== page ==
We recently ran into Brett Mosley, CEO and Founder of Denver-based BuyMyTronics.com (www.buymytronics.com), a startup in the electronics recycling and trade-in market, and thought it would be interesting to hear about his company and business. We talked with Brett about what his firm is all about and how he got into the business.
What's the idea behind BuyMyTronics?
Brett Mosley: What we are, essentially, is a company flipping the recycling industry upside-down. We are recycling e-waste--small gadgets, cell phones, iPods, iPhones, and all that good stuff. What we've done, is we've found a way to pay people for both broken and working items, which is a win-win for consumers--who get money--and for the environment--because it keeps really toxic things out of our waste stream. We're doing things that are good for the environment, and good for the wallet.
How do you make money, and can you really make money on broken electronics?
Brett Mosley: A little more than half of what we buy is working. What we do, is we buy used things, and put them back out on the market, and make some profits there. As for the broken stuff, we refurbish them in-house, and for some things which are much more complex, we actually group and sell to people who specialize in those repairs. For example, we might buy an iPod for $10, and put in $20 in parts and $20 in labor, and then we sell it and make a profit. We also pay for shipping, and make sure that items such as Macs and PCs are wiped clean beyond Department of Defense standards.
How'd you start the company, and what's your background?
Brett Mosley: I've always been entrepreneurial, since I was a kid, when my parents were running small businesses. I definitely had experience working in an environment where you are on your own, and you don't have anyone to rely on but yourself, so you make things happen. I graduated from the University of San Diego (USD), and graduated with a degree in business with an emphasis in finance and real estate--and actually just a few credit hours short of marketing. It was a really good education, pedigree, and upbringing. After college, I went into real estate, and then back into the financial field, which I was doing while starting this business. Eventually, doing this on the side, this started to make more so things worked out all right.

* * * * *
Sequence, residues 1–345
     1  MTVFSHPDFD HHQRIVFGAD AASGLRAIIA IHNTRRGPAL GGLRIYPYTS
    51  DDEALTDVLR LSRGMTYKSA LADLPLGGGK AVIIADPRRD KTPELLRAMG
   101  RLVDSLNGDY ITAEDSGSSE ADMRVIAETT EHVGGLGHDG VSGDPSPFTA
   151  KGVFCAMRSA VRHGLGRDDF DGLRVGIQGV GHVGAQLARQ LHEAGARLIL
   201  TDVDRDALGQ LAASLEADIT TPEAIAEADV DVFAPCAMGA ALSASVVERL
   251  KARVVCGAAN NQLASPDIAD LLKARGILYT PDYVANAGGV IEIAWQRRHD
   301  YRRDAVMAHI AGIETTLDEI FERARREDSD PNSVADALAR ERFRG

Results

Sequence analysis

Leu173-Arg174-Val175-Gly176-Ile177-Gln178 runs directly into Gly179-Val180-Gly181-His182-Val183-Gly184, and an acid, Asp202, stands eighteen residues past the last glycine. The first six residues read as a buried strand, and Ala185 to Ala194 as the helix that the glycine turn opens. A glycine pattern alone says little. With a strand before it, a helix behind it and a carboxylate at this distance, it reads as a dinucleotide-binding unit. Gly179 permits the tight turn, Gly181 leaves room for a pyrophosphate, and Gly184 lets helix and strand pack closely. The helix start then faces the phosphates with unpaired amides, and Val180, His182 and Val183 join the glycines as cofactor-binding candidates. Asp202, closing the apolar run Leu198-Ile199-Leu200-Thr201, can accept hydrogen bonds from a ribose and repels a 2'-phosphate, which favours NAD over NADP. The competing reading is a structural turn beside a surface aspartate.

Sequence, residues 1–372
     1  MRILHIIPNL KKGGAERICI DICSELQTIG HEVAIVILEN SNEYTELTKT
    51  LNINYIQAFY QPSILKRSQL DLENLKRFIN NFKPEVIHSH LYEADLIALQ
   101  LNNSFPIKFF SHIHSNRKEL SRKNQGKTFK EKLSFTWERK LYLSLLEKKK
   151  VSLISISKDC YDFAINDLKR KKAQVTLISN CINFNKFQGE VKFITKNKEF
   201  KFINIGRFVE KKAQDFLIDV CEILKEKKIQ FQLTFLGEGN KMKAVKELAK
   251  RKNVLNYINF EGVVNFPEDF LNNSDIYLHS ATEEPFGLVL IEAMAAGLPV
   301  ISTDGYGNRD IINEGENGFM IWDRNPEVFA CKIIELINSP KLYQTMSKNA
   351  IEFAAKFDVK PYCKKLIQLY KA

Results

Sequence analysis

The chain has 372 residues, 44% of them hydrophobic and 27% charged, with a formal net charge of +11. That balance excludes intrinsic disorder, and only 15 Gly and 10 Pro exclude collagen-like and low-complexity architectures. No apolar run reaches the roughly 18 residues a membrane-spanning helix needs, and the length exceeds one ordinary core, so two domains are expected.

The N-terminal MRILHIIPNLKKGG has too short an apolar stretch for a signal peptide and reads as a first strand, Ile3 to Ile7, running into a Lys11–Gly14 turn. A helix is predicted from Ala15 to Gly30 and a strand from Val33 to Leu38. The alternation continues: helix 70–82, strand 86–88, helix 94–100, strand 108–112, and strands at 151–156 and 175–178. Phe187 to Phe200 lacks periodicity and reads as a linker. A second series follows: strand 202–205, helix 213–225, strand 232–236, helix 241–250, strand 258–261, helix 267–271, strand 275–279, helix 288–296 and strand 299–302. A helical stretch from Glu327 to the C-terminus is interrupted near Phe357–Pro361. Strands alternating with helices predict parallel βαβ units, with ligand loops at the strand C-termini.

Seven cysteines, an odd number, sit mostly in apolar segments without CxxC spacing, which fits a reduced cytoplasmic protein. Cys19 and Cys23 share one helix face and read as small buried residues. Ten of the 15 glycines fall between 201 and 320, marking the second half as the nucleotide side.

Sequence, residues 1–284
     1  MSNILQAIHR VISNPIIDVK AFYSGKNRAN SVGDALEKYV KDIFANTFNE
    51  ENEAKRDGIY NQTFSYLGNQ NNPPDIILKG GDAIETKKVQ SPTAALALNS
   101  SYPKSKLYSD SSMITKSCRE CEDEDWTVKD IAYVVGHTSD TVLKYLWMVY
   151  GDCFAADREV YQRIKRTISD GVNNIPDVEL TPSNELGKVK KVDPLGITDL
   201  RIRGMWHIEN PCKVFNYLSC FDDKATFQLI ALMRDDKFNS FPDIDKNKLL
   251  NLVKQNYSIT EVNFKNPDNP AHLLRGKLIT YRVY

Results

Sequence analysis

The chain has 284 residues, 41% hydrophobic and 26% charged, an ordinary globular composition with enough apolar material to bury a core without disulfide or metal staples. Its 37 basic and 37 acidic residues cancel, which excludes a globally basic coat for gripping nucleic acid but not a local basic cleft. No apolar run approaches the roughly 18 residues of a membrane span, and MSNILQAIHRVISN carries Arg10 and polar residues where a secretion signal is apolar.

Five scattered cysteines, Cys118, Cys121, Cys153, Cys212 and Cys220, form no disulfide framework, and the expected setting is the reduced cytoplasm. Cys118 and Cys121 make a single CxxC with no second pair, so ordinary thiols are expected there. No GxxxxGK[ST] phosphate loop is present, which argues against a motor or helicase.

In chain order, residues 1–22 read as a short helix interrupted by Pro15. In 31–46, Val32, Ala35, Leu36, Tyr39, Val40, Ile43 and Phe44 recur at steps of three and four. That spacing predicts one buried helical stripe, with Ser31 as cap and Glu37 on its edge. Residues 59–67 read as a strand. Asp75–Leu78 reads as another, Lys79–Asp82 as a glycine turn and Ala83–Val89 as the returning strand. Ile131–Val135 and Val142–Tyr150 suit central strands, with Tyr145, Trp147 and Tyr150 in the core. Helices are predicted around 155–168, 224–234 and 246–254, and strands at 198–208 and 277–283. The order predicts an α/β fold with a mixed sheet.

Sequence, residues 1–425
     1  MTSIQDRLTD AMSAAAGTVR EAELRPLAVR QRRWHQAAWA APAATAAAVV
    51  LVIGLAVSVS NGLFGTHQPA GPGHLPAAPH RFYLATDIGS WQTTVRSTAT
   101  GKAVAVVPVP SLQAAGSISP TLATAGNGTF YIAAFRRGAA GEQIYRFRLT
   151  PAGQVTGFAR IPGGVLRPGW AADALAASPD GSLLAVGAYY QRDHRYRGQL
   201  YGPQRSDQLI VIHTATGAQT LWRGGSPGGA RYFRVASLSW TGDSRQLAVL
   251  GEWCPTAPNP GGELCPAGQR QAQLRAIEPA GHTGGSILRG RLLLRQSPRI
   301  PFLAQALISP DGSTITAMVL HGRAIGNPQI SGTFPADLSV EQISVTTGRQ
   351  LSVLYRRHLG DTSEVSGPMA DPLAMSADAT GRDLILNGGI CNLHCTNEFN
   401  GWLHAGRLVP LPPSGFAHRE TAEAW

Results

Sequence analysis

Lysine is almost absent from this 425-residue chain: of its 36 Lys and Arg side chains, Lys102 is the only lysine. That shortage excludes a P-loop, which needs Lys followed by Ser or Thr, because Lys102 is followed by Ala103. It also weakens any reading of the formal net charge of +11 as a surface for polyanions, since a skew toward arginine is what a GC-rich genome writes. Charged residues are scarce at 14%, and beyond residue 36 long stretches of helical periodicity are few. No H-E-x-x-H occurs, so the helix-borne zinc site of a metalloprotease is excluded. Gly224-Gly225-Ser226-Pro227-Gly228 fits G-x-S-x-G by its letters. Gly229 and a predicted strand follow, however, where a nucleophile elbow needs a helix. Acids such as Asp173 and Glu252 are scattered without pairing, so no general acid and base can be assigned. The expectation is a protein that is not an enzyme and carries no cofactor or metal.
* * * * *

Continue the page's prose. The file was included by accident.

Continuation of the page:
Where'd the original idea for the business come from?
Brett Mosley: The initial lightbulb actually happened twice through my college years. Once, I had broken a friend's digital camera, and I had to go get it fixed, and it cost $200 to fix the thing. I figured out that the actual cost at that point of buying that camera used was $100 to $150--the economics just didn't make sense. You were paying an arm and leg to fix something. The same thing with the iPod--and I figured, that doesn't make sense, why don't I start buying these from people, who get some money--better than nothing--and bring those repairs in house, and then put them back on the market. Everyone wins and the consumer gets money for something they think is completely worthless as a broken item.
It seems the repair operations might be difficult to scale--has that been an issue for you?
Brett Mosley: The efficiency of scale has been extremely difficult to get to for us, and we're now just starting to be able to be more comprehensive in our execution of my original dream. At the start, we were looking at simpler fixed, like iPod batteries, and we're now doing Apple repairs, and camera repairs we hadn't been doing when we first started the business. The critical mass of product took awhile, but it's now there and continuing to grow.
Seems like there are only limited number of electronics items that would be worth buying and fixing - are there specific things which are worth buying?
Brett Mosley: What is worth the most are Apple product, across the board. They hold their value. If you look at a five year old Mac laptop, compared to a five year old PC laptop, and you know as well as I which has more value. Apple products are better designed, have better software, and are better products in themselves. We love doing Mac repairs, and if we could do Apple repairs all day, we would. They make a much, more stable product to fix, and consumers willing to pay more because of consumer demand.
It seems buying back products might be capital intensive--is that the case?
Brett Mosley: Yes and no. All of my competition has taken multiple millions of dollars. But, we've grown organically, starting by buying things locally on Craigslist, but now we have multimillion dollar revenues in less than two or three years without having had to attract venture firms.
What are your plans now?
Brett Mosley: Adding more categories. There's always something we're adding, such as adding all cameras on the site. We take over 5,000 products now, probably 6,000 by the end of this month. We take in cell phones, iPods, iPhones, PDAs, game consoles, MP3 players, and now cameras. We take Apple products down to the software. We're also adding new categories, such as camcorders, GPS, and we've been seeing 100 to 200% growth year over year.
What's driving that growth?
Brett Mosley: The concept itself, and we also just relaunched the site in November. Instead of buying a new car, I bought a new site and invested in the technology. The technology on our new site is definitely the top of the line in the industry, for sure.